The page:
What to book: Eadweard Muybridge at Beetles + Huxley

The 19th-century British photographer created striking imagery of animals and humans in motion

‘Animal Locomotion Plate 628 (Man Riding Galloping Horse)’, 1887. © Eadweard Muybridge. Image courtesy of Beetles + Huxley 

A new exhibition at Beetles + Huxley will delve into the history of the pioneering photographer Eadweard Muybridge, whose important series ‘Animal Locomotion’ captured animals and people mid-movement.

Showcasing 65 collotype prints produced in 1887, the exhibition explores how Muybridge’s work broke new ground in both scientific and artistic terms, contributing to developments in physiology and biomechanics while influencing artists from Edgar Degas to Marcel Duchamp. 

‘Animal Locomotion Plate 617 (Nude Man Riding Horse)’, detail, 1887. © Eadweard Muybridge. Image courtesy of Beetles + Huxley 

Muybridge, who emigrated to the US in the 1850s and built a successful career as a landscape photographer, was hired by Leland Standford in 1872 to photograph his horse galloping, in order to settle the question of whether the animal’s hooves were lifted off the ground at the same time. Here, Muybridge pushed the limits of the camera’s possibilities, developing a system that captured every stage of the movement. This work paved the way for the ‘Animal Locomotion’ series, recording a range of sequences studying the gait of sloths, camels and capybaras, and the flight of pigeons.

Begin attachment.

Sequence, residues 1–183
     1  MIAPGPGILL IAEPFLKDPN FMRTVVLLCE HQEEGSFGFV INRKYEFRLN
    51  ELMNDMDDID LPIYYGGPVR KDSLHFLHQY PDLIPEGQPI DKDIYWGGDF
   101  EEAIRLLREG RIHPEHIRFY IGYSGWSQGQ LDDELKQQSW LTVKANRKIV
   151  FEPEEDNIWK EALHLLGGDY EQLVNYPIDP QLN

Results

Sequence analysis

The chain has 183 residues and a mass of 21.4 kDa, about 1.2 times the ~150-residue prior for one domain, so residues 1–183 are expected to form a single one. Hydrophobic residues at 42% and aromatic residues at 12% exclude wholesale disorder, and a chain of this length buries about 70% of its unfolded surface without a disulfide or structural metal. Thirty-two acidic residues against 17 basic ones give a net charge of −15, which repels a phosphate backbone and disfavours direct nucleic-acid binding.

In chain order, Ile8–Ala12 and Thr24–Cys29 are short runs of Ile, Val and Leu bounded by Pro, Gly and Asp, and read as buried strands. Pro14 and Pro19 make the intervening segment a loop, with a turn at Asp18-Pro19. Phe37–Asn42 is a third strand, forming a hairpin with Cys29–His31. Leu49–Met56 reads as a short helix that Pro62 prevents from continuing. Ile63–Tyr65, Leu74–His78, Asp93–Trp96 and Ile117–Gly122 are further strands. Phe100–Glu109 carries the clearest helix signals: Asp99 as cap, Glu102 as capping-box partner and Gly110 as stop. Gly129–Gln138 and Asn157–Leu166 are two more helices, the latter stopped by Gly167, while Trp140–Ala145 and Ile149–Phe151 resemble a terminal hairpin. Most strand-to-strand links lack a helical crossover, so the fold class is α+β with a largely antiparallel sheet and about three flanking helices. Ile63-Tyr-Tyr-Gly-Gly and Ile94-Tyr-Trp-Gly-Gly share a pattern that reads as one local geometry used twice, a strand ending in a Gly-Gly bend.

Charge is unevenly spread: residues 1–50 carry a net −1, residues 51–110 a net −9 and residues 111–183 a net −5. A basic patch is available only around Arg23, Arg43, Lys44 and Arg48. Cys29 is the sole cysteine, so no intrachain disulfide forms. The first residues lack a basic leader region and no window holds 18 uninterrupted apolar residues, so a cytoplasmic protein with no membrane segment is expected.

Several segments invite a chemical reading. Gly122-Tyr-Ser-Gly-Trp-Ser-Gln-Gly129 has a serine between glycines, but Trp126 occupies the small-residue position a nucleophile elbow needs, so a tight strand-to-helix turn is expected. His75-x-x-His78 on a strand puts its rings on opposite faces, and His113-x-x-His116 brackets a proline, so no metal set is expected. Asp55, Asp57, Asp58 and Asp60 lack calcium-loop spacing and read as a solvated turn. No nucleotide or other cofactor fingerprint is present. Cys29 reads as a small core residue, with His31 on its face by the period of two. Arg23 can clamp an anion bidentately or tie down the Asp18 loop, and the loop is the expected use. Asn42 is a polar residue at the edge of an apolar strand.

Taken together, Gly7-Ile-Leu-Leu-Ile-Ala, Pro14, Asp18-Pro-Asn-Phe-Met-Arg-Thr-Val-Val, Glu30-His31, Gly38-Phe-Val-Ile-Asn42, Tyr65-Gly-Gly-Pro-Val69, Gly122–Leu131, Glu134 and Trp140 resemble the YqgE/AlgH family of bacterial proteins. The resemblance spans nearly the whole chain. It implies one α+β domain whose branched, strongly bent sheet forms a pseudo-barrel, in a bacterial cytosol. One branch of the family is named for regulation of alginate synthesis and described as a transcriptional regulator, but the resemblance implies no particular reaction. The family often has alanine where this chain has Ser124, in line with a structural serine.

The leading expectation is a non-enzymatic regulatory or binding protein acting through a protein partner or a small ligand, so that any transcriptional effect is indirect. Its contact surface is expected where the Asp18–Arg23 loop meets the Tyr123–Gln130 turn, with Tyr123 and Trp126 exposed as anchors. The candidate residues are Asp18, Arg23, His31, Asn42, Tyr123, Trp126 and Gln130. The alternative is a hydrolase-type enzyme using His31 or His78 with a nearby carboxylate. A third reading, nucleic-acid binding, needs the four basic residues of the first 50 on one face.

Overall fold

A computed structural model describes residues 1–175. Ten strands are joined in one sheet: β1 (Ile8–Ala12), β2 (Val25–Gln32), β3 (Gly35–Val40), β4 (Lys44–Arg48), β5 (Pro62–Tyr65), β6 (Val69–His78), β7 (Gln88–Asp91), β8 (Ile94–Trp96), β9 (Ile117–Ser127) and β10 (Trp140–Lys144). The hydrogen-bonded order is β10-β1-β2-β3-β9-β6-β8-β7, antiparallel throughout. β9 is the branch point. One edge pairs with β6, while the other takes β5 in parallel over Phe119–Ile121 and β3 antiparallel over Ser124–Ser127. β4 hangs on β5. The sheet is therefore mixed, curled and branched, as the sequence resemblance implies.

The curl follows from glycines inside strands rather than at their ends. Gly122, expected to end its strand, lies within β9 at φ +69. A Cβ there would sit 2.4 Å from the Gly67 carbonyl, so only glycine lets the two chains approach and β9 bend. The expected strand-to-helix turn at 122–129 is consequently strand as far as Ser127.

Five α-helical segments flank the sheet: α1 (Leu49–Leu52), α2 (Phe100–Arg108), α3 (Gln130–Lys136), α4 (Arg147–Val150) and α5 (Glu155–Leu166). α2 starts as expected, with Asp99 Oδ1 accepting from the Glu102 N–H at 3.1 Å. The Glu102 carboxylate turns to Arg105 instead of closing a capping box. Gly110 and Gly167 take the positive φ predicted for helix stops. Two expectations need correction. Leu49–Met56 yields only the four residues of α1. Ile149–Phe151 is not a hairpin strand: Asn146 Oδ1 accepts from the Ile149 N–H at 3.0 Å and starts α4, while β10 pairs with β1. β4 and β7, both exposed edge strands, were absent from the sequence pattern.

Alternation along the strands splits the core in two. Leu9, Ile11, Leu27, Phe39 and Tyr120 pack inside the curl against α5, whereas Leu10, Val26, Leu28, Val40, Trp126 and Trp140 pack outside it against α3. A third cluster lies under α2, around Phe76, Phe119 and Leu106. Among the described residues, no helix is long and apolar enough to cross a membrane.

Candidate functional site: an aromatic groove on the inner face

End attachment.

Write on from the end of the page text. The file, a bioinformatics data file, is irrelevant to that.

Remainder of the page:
‘Animal Locomotion Plate 156 (Woman Leaping Over Stool)’, detail, 1887. © Eadweard Muybridge. Image courtesy of Beetles + Huxley 

The public are invited to join in Muybridge’s journey of discovery at the exhibition, which also features stills of human subjects walking, running and descending staircases, as well as boxing, fencing, weight-lifting and wrestling.

The exhibition runs from 19 July to 2 September at Beetles + Huxley, 3–5 Swallow Street, London W1.



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